Age and occupation: 64, currently U.S. ambassador to the United Nations

    Career: Diplomat since 1960, including controversial term as ambassador to Honduras.

    Outlook: Will head largest U.S. embassy in history, with a staff of more than 3,000 Americans.

    Copyright 2004, The Baltimore Sun |
  2. 12 Comments

  3. by   pickledpepperRN,2446240.story,1240201.story,1305738.story,2249629.story,1502347.story
    A survivor tells her story
    Treatment for a leftist: Kicks, freezing water and electric shocks. In between, a visitor from the CIA.
    DAY AFTER DAY, for 78 days, Ines Consuelo Murillo was tortured by a secret Honduran military intelligence unit called Battalion 316.

    Her captors tied the 24-year-old woman's hands and feet, hung her naked from the ceiling and beat her with their fists. They fondled her. They nearly drowned her. They clipped wires to her breasts and sent electricity surging through her body.

    "It was so frightening the way my body would shake when they shocked me. They put rags in my throat so I would not scream," she said. "But I screamed so loud, sometimes it sounded like an animal. I would even scare myself."

    Murillo is one of hundreds abducted and tortured during the 1980s by Battalion 316, a unit trained and equipped by the CIA to gather intelligence about subversives, at a time when Honduras was crucial to the Reagan administration's war against communism in Central America.

    Many of those kidnapped were later murdered, their bodies discovered in fields and along riverbanks. At least 184 people are missing and presumed dead.
  4. by   pickledpepperRN
    When a wave of torture and murder staggered a small U.S. ally, truth was a casualty.
    Was the CIA involved? Did Washington know? Was the public deceived? Now we know: Yes, Yes and yes.
    ...The search for Nelson Mackay Chavarria - family man, government lawyer, possible subversive - began one Sunday in 1982 after he devoured a pancake breakfast and stepped out to buy a newspaper.

    It ended last December when his wife, Amelia, watched as forensic scientists plucked his moldering bones from a pit in rural Honduras. Spotting a scrap of the red-and-blue shirt her husband was wearing the day he disappeared, she gasped: "Oh my God, that's him!"

    Along with Amelia Mackay, the nation of Honduras has begun to confront a truth it has long suspected - that hundreds of its citizens were kidnapped, tortured and killed in the 1980s by a secret army unit trained and supported by the Central Intelligence Agency.
  5. by   pickledpepperRN
    Published on Friday, April 30, 2004 by the Inter Press Service
    Congress Ignores 'Dirty War' Past of New Iraq Envoy
    by Jim Lobe

    WASHINGTON - John Negroponte, the Bush administration's nominee to become Washington's first ambassador to Iraq since last year's invasion, was talking about how much ''sovereignty'' the country's new government will enjoy after Jun. 30, when U.S. military forces will remain in control of security.

    ''When it comes to issues like (the siege of) Fallujah'', said Negroponte, currently Washington's ambassador to the United Nations, ''I think that is going to be the kind of situation that is going to have to ... be the subject of real dialogue between our military commanders, the new Iraqi government, and, I think, the United States mission as well''.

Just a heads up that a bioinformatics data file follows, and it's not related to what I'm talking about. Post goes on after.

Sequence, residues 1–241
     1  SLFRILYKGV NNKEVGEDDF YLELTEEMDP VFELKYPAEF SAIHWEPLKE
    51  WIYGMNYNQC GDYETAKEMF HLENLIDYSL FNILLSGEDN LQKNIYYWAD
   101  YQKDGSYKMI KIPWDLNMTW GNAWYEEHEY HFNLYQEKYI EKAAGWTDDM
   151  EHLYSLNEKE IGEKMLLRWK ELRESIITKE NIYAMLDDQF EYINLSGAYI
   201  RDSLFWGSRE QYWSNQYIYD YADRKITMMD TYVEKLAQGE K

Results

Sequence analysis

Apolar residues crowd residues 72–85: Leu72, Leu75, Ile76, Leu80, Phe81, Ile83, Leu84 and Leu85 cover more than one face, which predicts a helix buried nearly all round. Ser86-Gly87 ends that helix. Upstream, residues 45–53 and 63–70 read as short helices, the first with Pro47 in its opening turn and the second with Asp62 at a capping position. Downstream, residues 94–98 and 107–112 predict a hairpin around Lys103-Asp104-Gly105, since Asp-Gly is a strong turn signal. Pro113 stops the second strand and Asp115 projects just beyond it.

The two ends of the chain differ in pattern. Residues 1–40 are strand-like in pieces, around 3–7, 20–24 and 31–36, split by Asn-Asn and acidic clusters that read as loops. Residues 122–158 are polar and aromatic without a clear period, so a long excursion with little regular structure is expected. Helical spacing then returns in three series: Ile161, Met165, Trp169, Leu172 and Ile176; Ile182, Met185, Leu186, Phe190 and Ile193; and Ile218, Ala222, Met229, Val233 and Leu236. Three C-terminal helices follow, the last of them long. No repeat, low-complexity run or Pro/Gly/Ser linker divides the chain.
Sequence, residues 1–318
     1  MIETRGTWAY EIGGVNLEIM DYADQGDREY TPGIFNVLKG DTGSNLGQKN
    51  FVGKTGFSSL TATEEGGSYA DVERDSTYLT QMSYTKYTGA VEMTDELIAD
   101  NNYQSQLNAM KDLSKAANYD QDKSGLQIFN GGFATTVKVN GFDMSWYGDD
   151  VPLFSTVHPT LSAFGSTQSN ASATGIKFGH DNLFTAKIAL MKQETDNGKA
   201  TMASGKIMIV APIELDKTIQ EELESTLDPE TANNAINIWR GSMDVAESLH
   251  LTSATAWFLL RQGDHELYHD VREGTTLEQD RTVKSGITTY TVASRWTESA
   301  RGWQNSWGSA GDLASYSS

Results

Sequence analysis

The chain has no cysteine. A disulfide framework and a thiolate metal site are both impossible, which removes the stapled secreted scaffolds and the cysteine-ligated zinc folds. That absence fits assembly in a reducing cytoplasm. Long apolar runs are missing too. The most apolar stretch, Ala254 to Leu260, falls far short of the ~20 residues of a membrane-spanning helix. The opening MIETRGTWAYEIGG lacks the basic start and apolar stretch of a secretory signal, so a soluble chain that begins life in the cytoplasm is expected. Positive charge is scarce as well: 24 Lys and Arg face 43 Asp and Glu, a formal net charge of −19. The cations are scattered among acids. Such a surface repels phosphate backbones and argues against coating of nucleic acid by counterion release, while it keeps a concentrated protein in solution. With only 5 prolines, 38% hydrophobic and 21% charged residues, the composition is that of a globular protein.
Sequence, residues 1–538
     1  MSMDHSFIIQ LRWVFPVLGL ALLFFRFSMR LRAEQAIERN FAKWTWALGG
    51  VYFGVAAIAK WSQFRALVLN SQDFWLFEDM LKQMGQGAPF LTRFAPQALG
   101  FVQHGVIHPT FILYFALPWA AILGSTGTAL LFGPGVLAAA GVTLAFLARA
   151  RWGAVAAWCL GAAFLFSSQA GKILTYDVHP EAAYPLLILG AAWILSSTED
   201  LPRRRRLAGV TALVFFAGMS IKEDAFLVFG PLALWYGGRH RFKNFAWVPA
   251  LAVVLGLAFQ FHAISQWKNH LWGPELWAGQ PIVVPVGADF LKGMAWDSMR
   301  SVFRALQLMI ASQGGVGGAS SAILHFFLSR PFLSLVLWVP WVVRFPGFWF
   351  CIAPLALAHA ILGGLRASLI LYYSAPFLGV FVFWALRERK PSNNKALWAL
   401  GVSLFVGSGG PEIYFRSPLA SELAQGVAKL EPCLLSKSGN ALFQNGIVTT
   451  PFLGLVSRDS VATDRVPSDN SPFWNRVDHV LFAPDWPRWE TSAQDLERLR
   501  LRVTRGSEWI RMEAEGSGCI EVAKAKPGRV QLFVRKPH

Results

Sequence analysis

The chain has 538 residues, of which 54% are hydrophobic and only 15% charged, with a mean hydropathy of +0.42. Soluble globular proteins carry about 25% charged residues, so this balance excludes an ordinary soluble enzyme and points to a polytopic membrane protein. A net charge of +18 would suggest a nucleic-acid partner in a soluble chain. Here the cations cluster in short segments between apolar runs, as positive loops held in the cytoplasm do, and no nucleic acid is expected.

That was too much for Andres Thomas Conteris, a human rights and peace activist who was sitting in the hearing room.

    At that point, he stood up and, in a determined voice, said: ''There is no sovereignty, Mr Ambassador, if the U.S. continues to exercise security. Senators, please ask the ambassador about Battalion 316. Ask him about a death squad in Honduras that he supported''.

    Security personnel quickly confronted Conteris and escorted him from the room, while Senate Foreign Relations Committee Chairman Richard Lugar gaveled the hearing back to order, and Negroponte, the smooth-as-silk career diplomat fluent in five languages, went on as if nothing had happened.

    And, while everyone in the hearing room knew exactly what Conteris was referring to, the senators also ignored the interruption, repeatedly praising Negroponte for his distinguished career and his courage in taking on such a challenging and potentially dangerous assignment. Only two senators alluded to Honduras, albeit obliquely, suggesting they may have had some differences with the nominee in the distant past, but that it was all behind them now.

    With the committee's approval in hand, Negroponte, by all accounts an accomplished diplomat who has held senior posts in the White House and the State Department and headed U.S. embassies in Quito, Tegucigalpa, Mexico City and Manila, will direct the world's largest U.S. embassy when it opens its doors in Baghdad on Jul. 1, the day after ''sovereignty'' is to be transferred from the Coalition Provisional Authority (CPA) to a yet-to-be-chosen new Iraqi government. He will be in charge of nearly 2,000 employees, most of them Americans.

    A long-time friend of Secretary of State Colin Powell, Negroponte is generally considered to be a pragmatist -- rather than an ideologue -- albeit one with a hawkish reputation that dates to his work as a young diplomat in Vietnam in the 1960s. Some describe him as a low-key version of CPA chief Paul Bremer.
    But Bremer did not work in Honduras.

    ''I spoke up because Negroponte at that moment was talking about sovereignty'', Conteris, whose mother is Uruguayan and who has lived in Bolivia and Honduras, told IPS later. ''I lived in Honduras for five years, and I know the impact Negroponte's policies had there in the early 1980s (when) Honduras was known as the USS Honduras, basically an occupied aircraft carrier''.